There are several websites offering computer games that claim to improve memory. Whilst one should be skeptical about some of their more outlandish claims, such as the claim that using their games regularly can help to prevent Alzheimer's disease (a claim regularly debunked on medical blogs), it is true that the use of brain games to improve working memory is a well documented phenomenon. In this article, we will look at three websites that provide computer games to improve memory.
Lumosity.com is an online "brain exercise and fitness program" designed by neuroscientists and psychologists that uses online brain games and mental exercises to help improve memory, concentration and cognition. It is a pay site, and membership is available in three month, six month and one year options.
The games focus on training the mind in an interactive environment, and the program's intelligent algorithm tailors itself to the skill level of the user. Computer games designed to improve memory include: Monster Garden, where monsters are shown in an onscreen grid and the user is asked to remember which squares contain monsters; Birdwatching, a simulation of the popular pastime where the user is required to memorize different species of bird; and Word Bubbles, which helps to improve linguistic skills and memory.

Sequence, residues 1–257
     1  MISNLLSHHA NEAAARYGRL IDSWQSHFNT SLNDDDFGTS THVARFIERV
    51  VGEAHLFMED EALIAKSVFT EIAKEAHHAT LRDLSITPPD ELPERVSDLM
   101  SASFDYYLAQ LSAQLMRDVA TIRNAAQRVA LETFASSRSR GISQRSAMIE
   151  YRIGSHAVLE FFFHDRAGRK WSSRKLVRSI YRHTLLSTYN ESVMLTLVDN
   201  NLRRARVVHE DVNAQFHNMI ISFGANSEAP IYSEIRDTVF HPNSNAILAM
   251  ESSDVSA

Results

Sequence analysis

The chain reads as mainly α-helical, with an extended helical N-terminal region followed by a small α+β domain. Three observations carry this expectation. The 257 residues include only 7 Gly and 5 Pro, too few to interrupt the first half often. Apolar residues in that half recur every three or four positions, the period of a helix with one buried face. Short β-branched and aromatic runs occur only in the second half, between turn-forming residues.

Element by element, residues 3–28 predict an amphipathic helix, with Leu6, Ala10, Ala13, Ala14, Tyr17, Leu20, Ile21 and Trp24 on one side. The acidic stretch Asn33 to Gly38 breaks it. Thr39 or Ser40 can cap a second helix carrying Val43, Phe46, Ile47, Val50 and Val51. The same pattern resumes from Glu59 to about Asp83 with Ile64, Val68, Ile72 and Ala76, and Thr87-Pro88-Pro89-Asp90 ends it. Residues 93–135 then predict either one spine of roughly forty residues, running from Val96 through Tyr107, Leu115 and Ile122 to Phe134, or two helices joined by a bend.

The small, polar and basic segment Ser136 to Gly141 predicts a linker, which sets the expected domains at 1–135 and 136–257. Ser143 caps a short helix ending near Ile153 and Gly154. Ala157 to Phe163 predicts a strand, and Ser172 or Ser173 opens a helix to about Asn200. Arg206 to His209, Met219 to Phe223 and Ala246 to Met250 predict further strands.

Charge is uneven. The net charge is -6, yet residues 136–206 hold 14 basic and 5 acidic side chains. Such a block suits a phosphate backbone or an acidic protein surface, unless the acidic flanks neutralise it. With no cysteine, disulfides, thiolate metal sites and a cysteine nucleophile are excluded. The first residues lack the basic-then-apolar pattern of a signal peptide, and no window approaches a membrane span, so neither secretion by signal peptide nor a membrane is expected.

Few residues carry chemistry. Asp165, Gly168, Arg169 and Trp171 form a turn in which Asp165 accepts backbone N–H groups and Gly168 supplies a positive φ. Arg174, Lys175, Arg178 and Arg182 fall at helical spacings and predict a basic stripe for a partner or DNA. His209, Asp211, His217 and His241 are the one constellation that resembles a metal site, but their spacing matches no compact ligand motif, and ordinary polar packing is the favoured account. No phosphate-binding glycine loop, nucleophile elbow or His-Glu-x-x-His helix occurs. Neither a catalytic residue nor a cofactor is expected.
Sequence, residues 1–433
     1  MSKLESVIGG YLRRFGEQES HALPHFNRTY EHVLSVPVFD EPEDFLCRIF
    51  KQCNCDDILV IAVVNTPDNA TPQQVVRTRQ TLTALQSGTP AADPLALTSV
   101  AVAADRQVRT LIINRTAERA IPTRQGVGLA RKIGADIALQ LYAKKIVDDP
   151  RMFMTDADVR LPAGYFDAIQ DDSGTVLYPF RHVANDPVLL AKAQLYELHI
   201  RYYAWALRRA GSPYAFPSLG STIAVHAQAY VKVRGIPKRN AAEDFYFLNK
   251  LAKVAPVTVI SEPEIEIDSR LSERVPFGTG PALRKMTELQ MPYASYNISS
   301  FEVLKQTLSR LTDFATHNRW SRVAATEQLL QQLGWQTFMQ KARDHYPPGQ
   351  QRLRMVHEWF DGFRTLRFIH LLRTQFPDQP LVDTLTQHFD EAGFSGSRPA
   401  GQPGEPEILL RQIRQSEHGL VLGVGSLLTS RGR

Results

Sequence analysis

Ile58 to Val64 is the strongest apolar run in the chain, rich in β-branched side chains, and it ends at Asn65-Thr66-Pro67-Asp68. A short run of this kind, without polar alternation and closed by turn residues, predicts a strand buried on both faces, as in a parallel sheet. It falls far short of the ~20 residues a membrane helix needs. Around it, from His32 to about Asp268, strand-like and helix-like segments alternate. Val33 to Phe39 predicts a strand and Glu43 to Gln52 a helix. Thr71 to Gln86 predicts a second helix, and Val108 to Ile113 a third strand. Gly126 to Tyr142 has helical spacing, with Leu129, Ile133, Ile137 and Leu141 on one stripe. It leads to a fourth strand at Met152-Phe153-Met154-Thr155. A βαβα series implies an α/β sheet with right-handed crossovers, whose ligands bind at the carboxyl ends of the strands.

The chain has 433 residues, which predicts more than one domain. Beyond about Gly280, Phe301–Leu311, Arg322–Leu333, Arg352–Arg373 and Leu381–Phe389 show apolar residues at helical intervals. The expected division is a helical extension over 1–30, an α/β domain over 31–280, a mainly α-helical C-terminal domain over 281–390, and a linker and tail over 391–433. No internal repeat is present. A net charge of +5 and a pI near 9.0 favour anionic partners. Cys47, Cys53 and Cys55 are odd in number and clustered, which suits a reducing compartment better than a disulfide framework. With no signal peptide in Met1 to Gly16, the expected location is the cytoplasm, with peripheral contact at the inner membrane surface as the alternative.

Each session requires only 10 to 15 minutes per day, and the program is conducted entirely online, so you do not have to download any software. The website has an attractive, easy to use interface with simple instructions for the user.
HAPPY Neuron (capitalization theirs) is another site offering online computer games to improve memory, attention, language, visual and spatial skills. The site costs $9.95 per month to join, or $99.95 for a year's membership, and requires the Adobe Flash player (available to download free of charge from www.adobe.com) in order to work.
Memory games include Around the World in 80 Trips, revolving around memorizing travel itineraries, Elephant Memory, where you are asked to memorize a long list of words, and The Squeaking Mouse, involving animal calls. To get you started, the site offers a free game, An American in Paris, where you act as a tour guide in a major city, remembering the order of landmarks visited.
Last, but by no means least, we come to the granddaddy of all computer games to improve memory, Nintendo's Brain Age. Brain Age, developed in 2005 and known in some markets as Brain Training, has been a consistent best seller for the Nintendo DS handheld game system, and has spawned two sequels, Brain Age 2 and Brain Age Express. The game features a variety of memory training and other brain games, including Sudoku puzzles.